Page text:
Yes, he acknowledges, the country had “grown and changed in many ways since Roosevelt’s time.” But “what hasn’t changed—what can never change—are the values that got us this far.” And then spoke the communitarian Obama: “We still have a stake in each other’s success. We still believe that this should be a place where you can make it if you try. And we still believe, in the words of the man who called for a New Nationalism all those years ago, ‘The fundamental rule in our national life—the rule which underlies all others—is that, on the whole, and in the long run, we shall go up or down together.’ ”
Over the most recent eight months of his presidency, Obama has clearly decided to move away from a Washington-centered strategy that sought to discover common ground with opponents whose core commitment to break with the Long Consensus made the quest for common ground impossible. Many who broadly sympathized with Obama—including many contributors to this journal—were frustrated when Obama seemed to abandon the task of making a broad argument to the country about what motivated him, how he saw the nation’s history, and where he wanted the nation to move. In the process, he ceded vast ground to his opponents, leaving it to them to interpret the meaning of the American story, to define the American Idea, and to describe the promise of the American tradition. Surprisingly for a candidate who had been so visionary during his presidential campaign, Obama had fallen down on a task that Bill Clinton and Ronald Reagan did so well: to offer a running and persuasive argument to the American people about what he was doing and why.
As President, Clinton offered an arresting metaphor explaining America’s tradition of balance. “Take a penny from your pocket,” Clinton once said. “On one side, next to Lincoln’s portrait is a single word: ‘Liberty.’ On the other side is our national motto. It says ‘E Pluribus Unum’—‘Out of Many, One.’ It does not say ‘Every man for himself.’”
“That humble penny,” he would continue, “is an explicit declaration—one you can carry around in your pocket—that America is about both individual liberty and community obligation. These two commitments—to protect personal freedom and to seek common ground—are the coin of our realm, the measure of our worth.”
And Reagan spoke to his foes as well as his allies in seeing the United States as “a shining city on a hill,” a special place that would model a new kind of society built on self-rule and freedom. But it’s striking that hidden behind Reagan’s metaphor was also a calling to America’s commitment to community. The original reference to us as a city on a hill came from John Winthrop’s address to the Puritan settlers of New England entitled “A Model of Christian Charity.”
“We must delight in each other,” Winthrop had declared, “make others’ conditions our own, rejoice together, mourn together, labor and suffer together, always having before our eyes our community as members of the same body.” Winthrop also offered a classic—and counterintuitive—account of how our differences bind us together in community. God created differences, Winthrop argued, so that “every man might have need of others, and from hence they might be all knit more nearly together in the Bonds of brotherly affection.” It’s not hard to imagine Rush Limbaugh denouncing Winthrop’s words as “socialistic.”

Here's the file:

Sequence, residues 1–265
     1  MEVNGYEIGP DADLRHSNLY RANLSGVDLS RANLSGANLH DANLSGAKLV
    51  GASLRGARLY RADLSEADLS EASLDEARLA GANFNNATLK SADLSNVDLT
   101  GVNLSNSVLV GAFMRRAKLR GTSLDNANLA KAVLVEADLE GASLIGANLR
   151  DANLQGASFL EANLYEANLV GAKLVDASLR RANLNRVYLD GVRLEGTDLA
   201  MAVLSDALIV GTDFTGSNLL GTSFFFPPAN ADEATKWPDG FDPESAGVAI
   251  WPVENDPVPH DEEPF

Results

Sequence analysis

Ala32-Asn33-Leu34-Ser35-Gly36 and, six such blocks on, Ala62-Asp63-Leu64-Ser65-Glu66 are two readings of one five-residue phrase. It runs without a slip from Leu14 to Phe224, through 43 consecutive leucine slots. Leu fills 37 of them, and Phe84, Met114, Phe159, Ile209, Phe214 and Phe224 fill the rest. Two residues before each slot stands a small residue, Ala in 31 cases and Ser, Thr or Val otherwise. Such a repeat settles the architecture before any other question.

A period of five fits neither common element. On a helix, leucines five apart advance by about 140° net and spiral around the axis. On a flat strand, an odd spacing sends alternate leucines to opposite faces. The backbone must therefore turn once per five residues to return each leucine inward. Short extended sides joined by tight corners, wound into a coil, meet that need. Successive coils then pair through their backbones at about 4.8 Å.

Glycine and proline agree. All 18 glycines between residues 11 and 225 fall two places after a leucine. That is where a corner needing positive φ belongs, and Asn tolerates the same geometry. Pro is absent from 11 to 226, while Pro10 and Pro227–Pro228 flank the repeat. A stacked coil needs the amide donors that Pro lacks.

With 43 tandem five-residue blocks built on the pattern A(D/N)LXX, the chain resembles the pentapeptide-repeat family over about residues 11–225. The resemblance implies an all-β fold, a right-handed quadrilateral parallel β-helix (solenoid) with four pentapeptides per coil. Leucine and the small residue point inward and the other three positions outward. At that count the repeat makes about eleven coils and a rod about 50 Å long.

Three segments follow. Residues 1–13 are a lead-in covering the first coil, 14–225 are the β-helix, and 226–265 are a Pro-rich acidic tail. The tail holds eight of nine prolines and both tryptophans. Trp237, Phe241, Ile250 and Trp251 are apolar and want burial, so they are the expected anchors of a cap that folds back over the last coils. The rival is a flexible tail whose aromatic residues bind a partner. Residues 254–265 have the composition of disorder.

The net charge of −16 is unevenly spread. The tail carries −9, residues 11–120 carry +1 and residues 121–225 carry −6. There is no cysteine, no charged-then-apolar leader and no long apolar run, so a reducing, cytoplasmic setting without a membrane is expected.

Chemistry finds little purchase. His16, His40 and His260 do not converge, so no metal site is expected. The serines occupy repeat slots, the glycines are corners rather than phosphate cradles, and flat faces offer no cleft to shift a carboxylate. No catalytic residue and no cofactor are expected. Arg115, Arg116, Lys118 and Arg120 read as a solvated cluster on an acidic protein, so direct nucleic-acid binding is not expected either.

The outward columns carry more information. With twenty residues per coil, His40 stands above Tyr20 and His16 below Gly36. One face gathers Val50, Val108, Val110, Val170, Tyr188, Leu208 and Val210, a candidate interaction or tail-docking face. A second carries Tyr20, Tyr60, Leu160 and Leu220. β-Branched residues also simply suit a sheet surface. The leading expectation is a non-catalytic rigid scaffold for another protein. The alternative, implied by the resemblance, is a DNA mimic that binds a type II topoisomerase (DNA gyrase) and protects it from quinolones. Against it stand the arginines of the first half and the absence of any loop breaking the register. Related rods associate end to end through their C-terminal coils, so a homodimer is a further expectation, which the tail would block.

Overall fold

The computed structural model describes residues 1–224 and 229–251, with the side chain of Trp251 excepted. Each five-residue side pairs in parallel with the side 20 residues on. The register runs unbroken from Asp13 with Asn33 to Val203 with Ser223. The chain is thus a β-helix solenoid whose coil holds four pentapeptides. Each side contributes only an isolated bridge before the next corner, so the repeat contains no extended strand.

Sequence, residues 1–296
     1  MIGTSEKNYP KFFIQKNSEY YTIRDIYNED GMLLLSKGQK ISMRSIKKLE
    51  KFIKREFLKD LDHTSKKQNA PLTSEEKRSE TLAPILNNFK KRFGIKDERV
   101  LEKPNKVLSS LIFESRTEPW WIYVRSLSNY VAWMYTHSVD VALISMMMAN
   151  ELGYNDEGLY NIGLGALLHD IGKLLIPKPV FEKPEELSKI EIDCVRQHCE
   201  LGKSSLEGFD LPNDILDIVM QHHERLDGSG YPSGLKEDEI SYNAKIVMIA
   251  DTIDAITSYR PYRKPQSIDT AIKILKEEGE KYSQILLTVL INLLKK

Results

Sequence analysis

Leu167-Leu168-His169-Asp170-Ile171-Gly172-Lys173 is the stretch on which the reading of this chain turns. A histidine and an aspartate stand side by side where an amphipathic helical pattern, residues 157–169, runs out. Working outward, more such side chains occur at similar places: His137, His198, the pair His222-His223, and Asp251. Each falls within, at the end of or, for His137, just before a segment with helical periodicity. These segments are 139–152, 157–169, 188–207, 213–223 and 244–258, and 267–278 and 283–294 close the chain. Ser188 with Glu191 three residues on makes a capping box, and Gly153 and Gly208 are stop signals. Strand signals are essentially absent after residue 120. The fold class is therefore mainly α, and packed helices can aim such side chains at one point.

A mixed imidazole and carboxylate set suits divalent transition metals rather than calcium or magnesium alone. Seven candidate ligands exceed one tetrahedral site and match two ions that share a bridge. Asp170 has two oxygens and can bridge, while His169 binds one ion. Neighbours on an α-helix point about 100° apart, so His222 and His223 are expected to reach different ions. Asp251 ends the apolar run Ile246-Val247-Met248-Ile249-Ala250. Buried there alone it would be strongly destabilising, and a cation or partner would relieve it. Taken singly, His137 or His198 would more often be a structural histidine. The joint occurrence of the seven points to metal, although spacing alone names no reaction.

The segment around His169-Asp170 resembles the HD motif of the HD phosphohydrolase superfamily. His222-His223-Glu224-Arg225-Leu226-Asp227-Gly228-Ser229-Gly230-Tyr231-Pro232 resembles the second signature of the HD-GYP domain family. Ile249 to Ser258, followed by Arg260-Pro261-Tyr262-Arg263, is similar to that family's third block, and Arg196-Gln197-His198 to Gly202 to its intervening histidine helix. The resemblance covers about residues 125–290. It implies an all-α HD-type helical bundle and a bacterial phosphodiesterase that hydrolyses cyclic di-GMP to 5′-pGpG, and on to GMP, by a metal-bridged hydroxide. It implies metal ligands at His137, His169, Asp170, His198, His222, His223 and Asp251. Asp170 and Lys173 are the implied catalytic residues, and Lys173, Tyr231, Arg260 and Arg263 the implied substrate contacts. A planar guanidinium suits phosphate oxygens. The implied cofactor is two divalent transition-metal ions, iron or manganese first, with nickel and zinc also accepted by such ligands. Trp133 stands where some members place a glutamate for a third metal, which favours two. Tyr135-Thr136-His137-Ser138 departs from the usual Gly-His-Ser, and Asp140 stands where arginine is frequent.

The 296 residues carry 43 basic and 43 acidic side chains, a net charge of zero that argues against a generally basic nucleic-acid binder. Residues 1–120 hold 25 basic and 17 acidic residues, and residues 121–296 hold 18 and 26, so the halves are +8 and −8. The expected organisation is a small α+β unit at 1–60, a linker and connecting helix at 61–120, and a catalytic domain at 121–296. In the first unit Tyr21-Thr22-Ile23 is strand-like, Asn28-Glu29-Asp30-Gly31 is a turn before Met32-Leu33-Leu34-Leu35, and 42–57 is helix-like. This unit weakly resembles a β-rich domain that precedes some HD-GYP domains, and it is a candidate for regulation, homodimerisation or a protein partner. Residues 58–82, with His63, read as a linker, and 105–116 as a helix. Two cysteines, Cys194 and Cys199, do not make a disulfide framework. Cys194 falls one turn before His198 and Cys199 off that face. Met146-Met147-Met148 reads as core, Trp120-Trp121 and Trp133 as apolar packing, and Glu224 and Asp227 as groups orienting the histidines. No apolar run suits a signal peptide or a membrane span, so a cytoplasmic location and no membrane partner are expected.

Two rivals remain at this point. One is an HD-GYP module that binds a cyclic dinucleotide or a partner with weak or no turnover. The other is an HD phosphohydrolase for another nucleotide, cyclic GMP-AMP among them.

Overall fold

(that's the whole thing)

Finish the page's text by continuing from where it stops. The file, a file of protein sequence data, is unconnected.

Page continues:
At Osawatomie and then in his State of the Union address earlier this year, Obama bound himself to this broader American communal tradition. It was a declaration that no longer would he leave American history to the Tea Party.
To suggest at a time of crisis that Americans need to return to their history flies in the face of the assumptions of those who would define our problems in terms of the global military balance of power, the necessity for new departures in domestic policy, the need for innovation in the marketplace, or the imperative of balancing the federal government’s books. All these things are important. All are subjects this journal takes very seriously. But it is precisely at moments when so much is at stake that we need both inspiration and instruction from those who came before us.
The Tea Party was right in having an intimation about the importance of the past. If progressives read our nation’s history differently, our disagreement rests not on the question of whether our story is a noble one—on this we agree—but on why the United States has, to this point, been successful. Our success arose not from the fact that our institutions were perfect from the outset. They were not. The genius of America, as de Tocqueville noted, has always rested on our capacity for self-correction and renewal. Americans have been saved from the idea that it is possible to create a perfect world. But we have been saved by the idea that we can create a better one.
The Founders of our nation were daring, but they were also balanced, moderate, and temperate. They had confidence that government could be made to work and that it could accomplish great things, but they were always wary of deifying the state and those who ran it. They hugely valued individual freedom but were steeped in principles that saw the preservation of freedom as a common enterprise. They were influenced by the Bible and the Enlightenment, by liberalism and republicanism.
Those who came after them always understood the imperative of keeping competing goods in balance—and also the need to keep pushing the American system in a more democratic and egalitarian direction. Our history is one in which populists of various stripes have always challenged elites, in which private wealth was always seen as carrying a social mortgage, and in which public action must always be subject to accountability and searching criticism. We cannot learn all we need to know from our history. But we can learn how to keep faith with a promise that we still have an obligation to keep.